289 PINEHURST RD., PARIS, ONT.
Asking price: $2.995-million
Lot size: 12.58 acres
Agents: Alison Dyer (Chestnut Park Real Estate Ltd.) and Luanne Hancey (ReMax Twin City Realty Inc.)
The back story
The Maus family were United Empire Loyalists who moved to Upper Canada from Pennsylvania in the late 1700s. In 1850, John Maus hired a Scottish architect and spent three years building the stone house that is still known as Maus Park. The house sits just outside of Paris, Ont.
"It's a very substantial home," says real estate agent Alison Dyer of Chestnut Park Real Estate Ltd. She points to the Scottish granite that was used as ballast in boats on the journey across the ocean, then used in the construction of the front of the house.
The more informal part at the rear – including the carriage house – was built of local fieldstone. The two portions are joined by a keeping room and enclosed porches.
The sills, lintels and quoining are of quarried Guelph limestone.
The current owner, Douglas Stocks, is an antiques dealer who describes the house as almost derelict when he first saw it 25 years ago. It was divided into two apartments and the upstairs had no heat or hydro.
The residents had hung blankets and quilts from the ceiling in the front hall to prevent heat from rising to the second floor. Fake wood panelling covered the original stone and wainscotting in the keeping room and the carriage house had virtually collapsed.
"I love Georgian-style houses," says Mr. Stocks, who bought his first antique from another dealer when he was 11 or 12 and has been trading them ever since. At Maus Park, he was drawn to the centre-hall plan, majestic front hall and gracious principal rooms with high ceilings and traditional windows.
"I went into the basement. It was very sound and not wet," he says. "I went up in the attic and it was a marvel. It was very well-built," he says of the house.
There were orange blinds covering every window but Mr. Stocks knew light would pour in once they were stripped away.
"I could tell it was going to be bright."
Mr. Stocks also loved the landscape, the creek running through the property, and the massive original barn that measures approximately 11,000 square feet.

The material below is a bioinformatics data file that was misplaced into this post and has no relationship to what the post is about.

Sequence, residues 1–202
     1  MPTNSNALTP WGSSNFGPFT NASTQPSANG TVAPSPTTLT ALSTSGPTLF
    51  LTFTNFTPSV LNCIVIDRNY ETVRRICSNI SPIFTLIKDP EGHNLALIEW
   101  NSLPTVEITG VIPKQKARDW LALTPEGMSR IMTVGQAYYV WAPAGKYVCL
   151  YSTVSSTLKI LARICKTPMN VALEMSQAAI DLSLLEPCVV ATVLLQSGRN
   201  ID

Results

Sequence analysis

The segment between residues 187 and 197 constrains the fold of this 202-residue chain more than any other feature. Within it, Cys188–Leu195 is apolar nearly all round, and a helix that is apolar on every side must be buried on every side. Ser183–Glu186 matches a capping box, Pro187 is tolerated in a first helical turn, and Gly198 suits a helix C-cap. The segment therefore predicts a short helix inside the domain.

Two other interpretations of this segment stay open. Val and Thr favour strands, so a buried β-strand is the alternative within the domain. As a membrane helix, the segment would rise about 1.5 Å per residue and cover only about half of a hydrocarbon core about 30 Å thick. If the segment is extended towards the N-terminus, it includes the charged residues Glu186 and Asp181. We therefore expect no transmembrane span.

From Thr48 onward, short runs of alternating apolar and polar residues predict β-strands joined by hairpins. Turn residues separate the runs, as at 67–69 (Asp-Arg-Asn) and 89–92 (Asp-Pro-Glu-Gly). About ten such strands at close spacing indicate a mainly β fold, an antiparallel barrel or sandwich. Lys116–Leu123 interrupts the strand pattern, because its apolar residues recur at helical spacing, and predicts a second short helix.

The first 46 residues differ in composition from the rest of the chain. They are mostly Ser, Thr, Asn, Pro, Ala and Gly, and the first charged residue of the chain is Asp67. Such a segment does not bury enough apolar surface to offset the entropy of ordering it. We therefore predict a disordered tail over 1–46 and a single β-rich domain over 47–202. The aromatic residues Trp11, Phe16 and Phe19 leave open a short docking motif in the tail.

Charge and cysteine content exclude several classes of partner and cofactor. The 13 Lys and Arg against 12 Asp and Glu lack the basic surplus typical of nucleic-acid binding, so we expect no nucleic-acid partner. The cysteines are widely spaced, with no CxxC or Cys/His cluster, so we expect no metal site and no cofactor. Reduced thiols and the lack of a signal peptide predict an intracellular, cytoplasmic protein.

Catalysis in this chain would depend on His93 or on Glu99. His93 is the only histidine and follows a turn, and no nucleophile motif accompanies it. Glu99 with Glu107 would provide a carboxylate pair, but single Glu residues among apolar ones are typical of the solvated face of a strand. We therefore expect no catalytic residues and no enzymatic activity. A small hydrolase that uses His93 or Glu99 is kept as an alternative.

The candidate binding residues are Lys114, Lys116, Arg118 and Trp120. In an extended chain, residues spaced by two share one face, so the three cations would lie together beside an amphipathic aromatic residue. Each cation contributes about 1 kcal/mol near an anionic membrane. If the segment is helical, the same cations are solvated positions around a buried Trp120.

The size of the barn points to the prosperity of businessman and farmer John Maus, says Mr. Stocks.
When he recently had the value of the barn appraised, the appraiser couldn't find another one of that size within 160 kilometres, Mr. Stocks adds.
"Barns have a magic to them that houses don't," he says. "Maybe it was all the animals and feed. It was such an interesting barn – huge."
When it came time to renovate the house, workers spent three days stripping away layers of flooring in the kitchen. Underneath, they found a trap door that led to a hidden room in the basement.
"The foreman was all excited about the secret room," says Mr. Stocks, who adds that the workers found evidence that people had been down there.
He speculates that Maus Park was a stop on the underground railway, which sheltered slaves who had escaped from bondage in the United States. The property had masses of orange day lilies, which were a signal during the time of the underground railway that the homeowner would offer a safe haven, he explains.
Mr. Stocks worked on the house for a couple of years before he moved in.
"It was an adventure – a creative one."
The house today
The challenge, explains Mr. Stocks, came from retaining the character of the house while hiding all of the modern amenities. He updated the electrical system, plumbing and heating.
The kitchen includes a La Cornue range and an island with marble countertop.
Upstairs, a large master bedroom suite includes a luxurious bathroom with air jet tub.
Throughout the house, most of the original paint colours were still on the walls so Mr. Stocks restored the rich blues, reds and greens that were typical of a house of the age. After a few years, however, he found the dark colours too oppressive.
"So I decided we're not going to live in a museum – let's update the colours while staying sympathetic to what would be found in a Georgian house."
Mr. Stocks kept some of the wood trim around the doors in its original unpainted finish but painted other parts of the wainscotting and trim in bright white. He used historical colours that work well as a backdrop for the antique furniture that fills the house. He found a post card from 1911 which showed the house with its original portico so he had it copied.
The best feature
The 12 acres of landscaped grounds have drawn potential buyers looking for a country estate. The property includes Charlie Creek, which flows through the property and eventually joins the Nith River. Mr. Stocks dredged the creek to return it to its 1875 appearance.
An 1875 engraving depicted the circular drive and entrance gates so Mr. Stocks had the grass torn up as a first step to rebuilding the driveway.
"Lo and behold we found the original circular drive under there."
The former cow pasture is now the site of landscaped gardens and there is a large swimming pool. Mr. Stocks has created a small golf course that takes golfers through the grounds and over some of the bridges that straddle the creek.
Film crews often use the house as a set. Recently an episode of The Listener was filmed on the property. The grounds are so expansive, explains Mr. Stock, that the crew was able to film a scene that appears to take place in a public park.